SuperMagnete documents a clever method for removing dents from brass instruments using powerful magnets. You insert a steel ball (smaller than the dent) in the instrument, and then use a padded magnet on the outside to "rub out" the dents. A more elaborate method uses a "reverse hammer" that works on harder surfaces.
To remove the dents on the hard parts of the instrument, Roberto developed a "reverse hammer". It is made of a non-magnetic rod (e.g. copper) with a movable heavy metal block on it's axis (e.g. the head of a normal hammer), a magnet on one end of the rod and a stopper on the other end (see drawing). When the hammerhead hits the stopper, a part of the resulting energy is transported through the magnet to the steel ball within the instrument, which "hammers" the dent from the inside.
Nelson E. Ross’s “small booklet” sets out the principles of sending telegrams “in the most economical manner possible,” so you can take full advantage of a communications medium that “annihilates distance and commands immediate attention.”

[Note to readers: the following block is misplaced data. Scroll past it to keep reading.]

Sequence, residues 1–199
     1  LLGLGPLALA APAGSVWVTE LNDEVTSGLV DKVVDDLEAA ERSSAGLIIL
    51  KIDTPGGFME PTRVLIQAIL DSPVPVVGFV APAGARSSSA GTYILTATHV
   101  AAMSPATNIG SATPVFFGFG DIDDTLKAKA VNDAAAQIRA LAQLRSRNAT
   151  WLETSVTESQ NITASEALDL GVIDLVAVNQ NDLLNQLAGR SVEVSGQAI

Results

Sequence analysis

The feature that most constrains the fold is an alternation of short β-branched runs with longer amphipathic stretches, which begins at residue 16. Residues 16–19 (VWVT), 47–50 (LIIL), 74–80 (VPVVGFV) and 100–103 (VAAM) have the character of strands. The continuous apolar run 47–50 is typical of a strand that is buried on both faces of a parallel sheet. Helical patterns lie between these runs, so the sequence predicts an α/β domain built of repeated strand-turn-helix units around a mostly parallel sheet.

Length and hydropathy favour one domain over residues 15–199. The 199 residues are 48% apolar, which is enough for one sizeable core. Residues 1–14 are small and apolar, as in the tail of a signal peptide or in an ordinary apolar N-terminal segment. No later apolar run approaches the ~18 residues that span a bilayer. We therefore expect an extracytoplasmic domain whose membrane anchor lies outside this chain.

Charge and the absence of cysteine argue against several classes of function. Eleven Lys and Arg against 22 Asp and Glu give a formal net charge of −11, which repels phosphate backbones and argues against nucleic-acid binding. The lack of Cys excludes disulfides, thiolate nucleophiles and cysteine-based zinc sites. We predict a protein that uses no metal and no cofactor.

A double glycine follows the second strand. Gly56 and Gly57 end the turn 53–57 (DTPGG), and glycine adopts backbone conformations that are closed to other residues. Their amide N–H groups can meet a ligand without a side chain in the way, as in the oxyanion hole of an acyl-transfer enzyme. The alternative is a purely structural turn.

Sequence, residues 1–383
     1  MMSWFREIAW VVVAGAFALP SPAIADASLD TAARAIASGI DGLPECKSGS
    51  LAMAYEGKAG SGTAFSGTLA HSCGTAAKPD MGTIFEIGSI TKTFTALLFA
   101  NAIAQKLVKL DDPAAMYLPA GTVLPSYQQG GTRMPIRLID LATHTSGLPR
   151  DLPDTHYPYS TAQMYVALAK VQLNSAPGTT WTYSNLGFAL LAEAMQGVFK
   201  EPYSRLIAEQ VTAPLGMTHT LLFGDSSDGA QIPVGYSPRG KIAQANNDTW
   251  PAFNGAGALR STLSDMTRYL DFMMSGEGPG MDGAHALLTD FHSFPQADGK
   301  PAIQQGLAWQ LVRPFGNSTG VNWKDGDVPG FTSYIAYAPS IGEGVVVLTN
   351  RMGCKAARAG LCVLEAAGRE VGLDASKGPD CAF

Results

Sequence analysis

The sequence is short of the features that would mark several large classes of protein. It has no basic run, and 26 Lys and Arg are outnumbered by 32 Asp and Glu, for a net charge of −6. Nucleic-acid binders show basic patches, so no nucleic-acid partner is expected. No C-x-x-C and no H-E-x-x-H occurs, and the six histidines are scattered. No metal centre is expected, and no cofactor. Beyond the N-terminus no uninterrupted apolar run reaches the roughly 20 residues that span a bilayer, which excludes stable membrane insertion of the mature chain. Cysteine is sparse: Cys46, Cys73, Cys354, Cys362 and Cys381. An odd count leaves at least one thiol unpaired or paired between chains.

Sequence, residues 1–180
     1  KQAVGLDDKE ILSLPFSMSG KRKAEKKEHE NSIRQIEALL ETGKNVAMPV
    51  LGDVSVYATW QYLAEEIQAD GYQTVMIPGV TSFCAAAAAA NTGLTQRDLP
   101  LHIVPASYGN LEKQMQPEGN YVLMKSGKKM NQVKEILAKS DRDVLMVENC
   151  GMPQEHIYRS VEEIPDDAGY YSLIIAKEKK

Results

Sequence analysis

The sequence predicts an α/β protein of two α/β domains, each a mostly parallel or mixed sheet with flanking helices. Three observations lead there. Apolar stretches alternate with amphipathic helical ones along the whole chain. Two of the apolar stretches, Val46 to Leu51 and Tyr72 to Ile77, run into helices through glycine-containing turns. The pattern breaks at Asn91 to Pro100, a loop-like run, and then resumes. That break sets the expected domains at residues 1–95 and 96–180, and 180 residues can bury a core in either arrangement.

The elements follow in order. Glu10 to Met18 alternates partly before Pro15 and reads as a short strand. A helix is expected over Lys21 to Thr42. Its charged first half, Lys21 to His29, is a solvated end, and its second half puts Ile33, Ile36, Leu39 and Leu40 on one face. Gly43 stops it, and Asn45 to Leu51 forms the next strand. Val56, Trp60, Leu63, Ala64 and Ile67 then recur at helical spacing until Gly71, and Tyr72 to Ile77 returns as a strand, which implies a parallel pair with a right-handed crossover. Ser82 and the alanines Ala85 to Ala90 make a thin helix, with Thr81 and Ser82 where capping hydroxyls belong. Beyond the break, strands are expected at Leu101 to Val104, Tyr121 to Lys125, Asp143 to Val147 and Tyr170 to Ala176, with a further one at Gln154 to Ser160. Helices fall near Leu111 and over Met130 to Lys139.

Light used to just be one of two things: on or off. Simple as that. Either a flood of yellow or total darkness. Then the dimmer switch happened and you could adjust the brightness to meet your seductive needs and suddenly everyone looked a little better in the gentler light. And now your luminary universe […]
Projects will always need management. And now with the tech gold rush it feels like there are more projects than ever with fewer managers than there’s demand for. But it takes too much time and money to go back to school full time so luckily the Project Management Professional certification training course is now 96% […]
If you’ve been blessed enough to avoid them yourself, you’ve definitely heard the horror stories. Late night, crushing out a ton of work, writing, coding, anything, then boom – your computer crashes. The battery blows, you spill water or coffee all over the place, or it just shuts down with no explanation, and you’re screwed. […]